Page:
Excise “Cadillac” tax
This 40% tax on high-cost employer plans has been delayed from 2018 to 2022.
Excise “Cadillac” tax
This 40% tax on high-cost employer medical plans was intended to reduce preferred treatment of employer-sponsored health plans and reduce excess health care spending.
This tax has been delayed from the original effective date of 2018 to 2022. No regulations have been issued to date, and there are many open issues that need to be addressed before the tax takes effect.
- 40% excise tax on high-cost employer medical plans
- Original 2018 effective date delayed until 2022
- $10,200 individual/$27,500 family (2018 amounts to be indexed and anticipated to increase up to 10% by 2022)
- Employers are responsible for calculating the tax
- Insurers are responsible for paying the tax for insured plans
- "The person who administers the plan benefits" is responsible for paying the tax for self-funded plans
40% Excise Tax
Get up to speed on the latest developments and benefit strategy considerations about the 40% Excise Tax, also known as the “Cadillac Tax” in this podcast.
Alliance to Fight the 40
Many employers, unions, insurers and health insurance industry groups would like to see this tax repealed or modified.
The Alliance is a group of stakeholders seeking to repeal the 40% Cadillac Tax.
Excise “Cadillac” Tax Details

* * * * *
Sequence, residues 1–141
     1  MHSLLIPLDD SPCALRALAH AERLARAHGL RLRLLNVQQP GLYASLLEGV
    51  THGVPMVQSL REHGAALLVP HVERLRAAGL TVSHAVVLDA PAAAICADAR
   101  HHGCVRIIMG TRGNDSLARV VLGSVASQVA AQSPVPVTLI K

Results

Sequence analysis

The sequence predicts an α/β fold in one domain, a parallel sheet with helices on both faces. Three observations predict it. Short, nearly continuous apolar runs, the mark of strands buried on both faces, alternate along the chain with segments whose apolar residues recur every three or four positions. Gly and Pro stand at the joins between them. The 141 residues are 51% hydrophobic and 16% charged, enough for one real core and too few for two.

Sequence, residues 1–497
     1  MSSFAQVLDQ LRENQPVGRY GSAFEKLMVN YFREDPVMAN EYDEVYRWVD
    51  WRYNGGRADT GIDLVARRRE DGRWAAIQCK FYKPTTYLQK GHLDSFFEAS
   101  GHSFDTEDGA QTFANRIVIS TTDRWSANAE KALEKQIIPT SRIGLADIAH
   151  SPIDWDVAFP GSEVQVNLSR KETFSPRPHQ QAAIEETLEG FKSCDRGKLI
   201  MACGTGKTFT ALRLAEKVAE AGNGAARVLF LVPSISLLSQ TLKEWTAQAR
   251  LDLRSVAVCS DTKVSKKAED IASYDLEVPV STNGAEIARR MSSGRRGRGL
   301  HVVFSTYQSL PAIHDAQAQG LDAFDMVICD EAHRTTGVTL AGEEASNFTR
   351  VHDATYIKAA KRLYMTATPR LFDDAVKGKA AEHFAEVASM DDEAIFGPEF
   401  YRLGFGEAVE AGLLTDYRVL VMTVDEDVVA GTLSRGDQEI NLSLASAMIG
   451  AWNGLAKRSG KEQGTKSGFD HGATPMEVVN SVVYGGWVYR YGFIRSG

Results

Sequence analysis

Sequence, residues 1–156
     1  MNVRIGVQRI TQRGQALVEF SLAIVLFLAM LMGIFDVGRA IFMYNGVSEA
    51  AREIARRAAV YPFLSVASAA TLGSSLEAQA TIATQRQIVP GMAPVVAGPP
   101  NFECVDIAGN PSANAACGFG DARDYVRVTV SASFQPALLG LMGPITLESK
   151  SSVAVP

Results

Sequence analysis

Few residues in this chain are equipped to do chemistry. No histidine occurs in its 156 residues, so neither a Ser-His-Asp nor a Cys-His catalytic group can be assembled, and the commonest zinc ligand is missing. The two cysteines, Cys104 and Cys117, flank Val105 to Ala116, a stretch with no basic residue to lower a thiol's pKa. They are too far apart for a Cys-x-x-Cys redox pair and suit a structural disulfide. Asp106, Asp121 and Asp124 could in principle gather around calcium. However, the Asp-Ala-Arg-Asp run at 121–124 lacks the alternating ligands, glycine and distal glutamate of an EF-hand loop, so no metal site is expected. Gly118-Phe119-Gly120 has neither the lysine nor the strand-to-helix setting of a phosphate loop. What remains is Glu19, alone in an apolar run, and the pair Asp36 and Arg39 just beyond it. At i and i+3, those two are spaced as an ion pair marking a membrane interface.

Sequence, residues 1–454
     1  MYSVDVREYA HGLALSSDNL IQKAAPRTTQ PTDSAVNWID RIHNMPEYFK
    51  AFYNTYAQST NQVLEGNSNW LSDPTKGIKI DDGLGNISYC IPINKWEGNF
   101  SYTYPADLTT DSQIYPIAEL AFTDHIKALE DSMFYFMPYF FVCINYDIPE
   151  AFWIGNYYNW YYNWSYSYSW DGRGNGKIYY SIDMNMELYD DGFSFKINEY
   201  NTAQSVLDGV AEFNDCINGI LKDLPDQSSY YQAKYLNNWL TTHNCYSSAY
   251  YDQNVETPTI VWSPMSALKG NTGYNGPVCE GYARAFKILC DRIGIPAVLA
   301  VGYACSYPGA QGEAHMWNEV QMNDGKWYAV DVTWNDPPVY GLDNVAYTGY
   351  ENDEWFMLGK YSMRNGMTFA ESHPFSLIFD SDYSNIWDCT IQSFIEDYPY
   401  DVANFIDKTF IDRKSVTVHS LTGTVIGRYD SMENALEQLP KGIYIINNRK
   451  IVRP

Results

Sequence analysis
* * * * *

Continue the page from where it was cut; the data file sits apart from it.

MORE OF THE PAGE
On January 22, 2018, Congress passed and the President signed a two-year delay of the 40 percent excise tax on high-cost employer-sponsored health plans, also known as the “Cadillac Tax.” This delay was part of a short-term federal spending bill and changes the effective date from 2020 to 2022. The tax was delayed once before through the Consolidated Appropriations Act of 2016.
In February and July 2015, the Internal Revenue Service (IRS) issued notices covering a number of issues concerning the Cadillac Tax, and requested comments on the possible approaches that could ultimately be incorporated into proposed regulations. While the tax was originally non-tax deductible, the December 2015 changes suggest it will be tax deductible for employers who pay it.
|What it is/fee duration||Permanent, annual tax beginning in 2022 on high-cost employer-sponsored health coverage|
|Who calculates and pays||
|How a group health plan’s cost is determined||
|How the tax will be paid||Forms and instructions for paying the tax are not yet available|
|Tax implications||Based on a December 2015 change, Cadillac Tax payments are expected to be deductible for federal tax purposes|
|Types of coverage affected||
* As indicated by IRS notice issued on February 23, 2015 and subject to future regulatory clarification.
How it works: Examples based on current threshold amounts
Note: These threshold amounts will be indexed before the tax takes effect in 2022.
A $12,000 individual plan would pay an excise tax of $720 per covered employee:
$12,000 – $10,200 = $1,800 above the $10,200 threshold
$1,800 x 40% = $720
A $32,000 family plan would pay an excise tax of $1,800 per covered employee:
$32,000 – $27,500 = $4,500 above the $27,500 threshold
$4,500 x 40% = $1,800
View the Printer-Friendly Fact Sheet
These charts show how the tax increases as the plan’s cost increases